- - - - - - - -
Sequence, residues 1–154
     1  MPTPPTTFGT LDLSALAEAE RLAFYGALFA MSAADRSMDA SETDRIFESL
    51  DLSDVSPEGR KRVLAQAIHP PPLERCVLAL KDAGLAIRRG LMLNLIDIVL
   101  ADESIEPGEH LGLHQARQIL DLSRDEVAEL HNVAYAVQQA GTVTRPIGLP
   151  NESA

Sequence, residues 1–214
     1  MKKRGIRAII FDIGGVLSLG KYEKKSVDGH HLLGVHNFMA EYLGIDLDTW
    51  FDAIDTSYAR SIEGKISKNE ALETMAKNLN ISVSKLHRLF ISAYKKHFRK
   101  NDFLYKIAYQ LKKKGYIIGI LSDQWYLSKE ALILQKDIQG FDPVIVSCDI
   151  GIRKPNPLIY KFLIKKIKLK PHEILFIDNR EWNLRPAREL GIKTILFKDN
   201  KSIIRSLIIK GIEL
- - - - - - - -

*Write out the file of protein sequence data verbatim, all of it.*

Sequence, residues 1–154
     1  MPTPPTTFGT LDLSALAEAE RLAFYGALFA MSAADRSMDA SETDRIFESL
    51  DLSDVSPEGR KRVLAQAIHP PPLERCVLAL KDAGLAIRRG LMLNLIDIVL
   101  ADESIEPGEH LGLHQARQIL DLSRDEVAEL HNVAYAVQQA GTVTRPIGLP
   151  NESA

Sequence, residues 1–214
     1  MKKRGIRAII FDIGGVLSLG KYEKKSVDGH HLLGVHNFMA EYLGIDLDTW
    51  FDAIDTSYAR SIEGKISKNE ALETMAKNLN ISVSKLHRLF ISAYKKHFRK
   101  NDFLYKIAYQ LKKKGYIIGI LSDQWYLSKE ALILQKDIQG FDPVIVSCDI
   151  GIRKPNPLIY KFLIKKIKLK PHEILFIDNR EWNLRPAREL GIKTILFKDN
   201  KSIIRSLIIK GIEL